There is one new term, “interactionism,” that is used to characterize the concept of genetics interacting with environment.   An easy-to-remember shorthand for this is G x E.   The reader is advised that plasticity in humans, even as early as during gestation, guarantees that no ability is set or fixed.   Just as Shenk advises that practice and hard work are required to bring about the best results, the reader needs to know that attention and open-minded commitment is required on his or her part to fully realize the value within The Genius in All of Us.

David Shenk is a master at writing and sets a pace that allows the reader to consider the concept of G x E.   His clear voice is consistently authoritative; however, he never casts the reader as a lesser person.   Shenk carefully sets out the premise of G x E using incremental steps to coax the reader’s acceptance of how thought has unfolded over time within the academic community.   Helpful citations referencing prior chapters reinforce the learning process.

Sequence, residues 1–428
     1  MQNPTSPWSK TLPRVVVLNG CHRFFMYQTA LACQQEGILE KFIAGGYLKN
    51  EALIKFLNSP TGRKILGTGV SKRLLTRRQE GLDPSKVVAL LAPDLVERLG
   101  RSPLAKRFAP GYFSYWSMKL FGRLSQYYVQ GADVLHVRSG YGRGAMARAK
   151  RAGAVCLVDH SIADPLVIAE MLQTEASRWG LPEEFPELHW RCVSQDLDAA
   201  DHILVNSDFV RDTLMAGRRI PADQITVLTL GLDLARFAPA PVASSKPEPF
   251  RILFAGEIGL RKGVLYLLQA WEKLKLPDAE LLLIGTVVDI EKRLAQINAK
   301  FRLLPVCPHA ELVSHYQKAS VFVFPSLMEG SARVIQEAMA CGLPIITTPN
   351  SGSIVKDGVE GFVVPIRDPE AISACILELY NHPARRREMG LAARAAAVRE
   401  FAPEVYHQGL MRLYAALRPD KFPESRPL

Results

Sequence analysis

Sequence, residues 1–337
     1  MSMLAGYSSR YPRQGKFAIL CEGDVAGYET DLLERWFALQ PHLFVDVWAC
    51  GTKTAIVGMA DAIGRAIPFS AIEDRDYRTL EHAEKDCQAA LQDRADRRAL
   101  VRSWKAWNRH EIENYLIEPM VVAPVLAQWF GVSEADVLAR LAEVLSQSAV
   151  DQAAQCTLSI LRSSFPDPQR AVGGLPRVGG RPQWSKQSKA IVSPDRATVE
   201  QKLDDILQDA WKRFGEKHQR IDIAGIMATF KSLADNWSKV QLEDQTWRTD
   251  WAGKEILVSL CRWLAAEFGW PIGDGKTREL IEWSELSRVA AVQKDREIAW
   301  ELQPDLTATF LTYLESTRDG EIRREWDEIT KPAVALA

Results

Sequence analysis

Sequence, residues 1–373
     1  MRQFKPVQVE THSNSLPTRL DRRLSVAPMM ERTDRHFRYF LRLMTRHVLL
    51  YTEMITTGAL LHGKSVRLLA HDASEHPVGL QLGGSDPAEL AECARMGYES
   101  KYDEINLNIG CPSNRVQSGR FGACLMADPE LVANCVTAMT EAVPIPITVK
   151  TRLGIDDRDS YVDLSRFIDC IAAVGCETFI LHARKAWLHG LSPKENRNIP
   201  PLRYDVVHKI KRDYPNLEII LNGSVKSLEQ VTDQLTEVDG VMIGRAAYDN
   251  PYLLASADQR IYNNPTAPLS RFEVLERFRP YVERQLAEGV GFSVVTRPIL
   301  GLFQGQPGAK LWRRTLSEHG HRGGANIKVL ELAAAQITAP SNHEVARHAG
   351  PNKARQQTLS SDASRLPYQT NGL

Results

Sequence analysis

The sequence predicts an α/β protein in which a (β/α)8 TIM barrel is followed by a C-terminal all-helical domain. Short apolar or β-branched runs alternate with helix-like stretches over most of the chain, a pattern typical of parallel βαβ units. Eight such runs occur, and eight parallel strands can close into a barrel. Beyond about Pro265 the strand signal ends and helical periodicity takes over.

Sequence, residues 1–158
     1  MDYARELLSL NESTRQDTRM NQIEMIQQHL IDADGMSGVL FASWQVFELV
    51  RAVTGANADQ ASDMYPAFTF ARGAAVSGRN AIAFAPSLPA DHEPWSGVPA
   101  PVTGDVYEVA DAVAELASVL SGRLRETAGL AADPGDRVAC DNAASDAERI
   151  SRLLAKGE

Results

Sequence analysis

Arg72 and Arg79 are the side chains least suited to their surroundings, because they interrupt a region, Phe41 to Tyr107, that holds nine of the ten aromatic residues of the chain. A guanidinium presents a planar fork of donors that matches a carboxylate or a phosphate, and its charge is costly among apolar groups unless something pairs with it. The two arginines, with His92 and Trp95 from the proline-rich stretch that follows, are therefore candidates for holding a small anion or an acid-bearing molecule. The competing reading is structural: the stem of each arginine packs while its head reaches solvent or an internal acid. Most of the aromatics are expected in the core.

There are no great leaps in thinking or pushy theories, just well-documented scientific thought and exploration.   Shenk does his due diligence examining findings from dissenters; he demonstrates where they miss the mark.   The Genius in All of Us is filled with hope and is a call to action that fosters flexibility in thinking and a commitment to growth and success.   This is a book worthy of a reader’s time, attention and contemplation.

Highly recommended.

Ruta Arellano

A review copy was provided by the publisher.

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Gotta Serve Somebody

The Language God Talks: On Science and Religion by Herman Wouk (Little, Brown and Company, $23.99, 192 pages; Hachette Audio, $26.98, 5 CDs)

“It doesn’t seem to me that this fantastically marvelous universe, this tremendous range of time and space and different kinds of animals, all the different planets, and all these atoms with their motions, and so on,  all this complicated thing can merely be a stage so that God can watch human beings struggle for good and evil – which is the view that religion has.   The stage is too big for the drama.”   Richard Feynman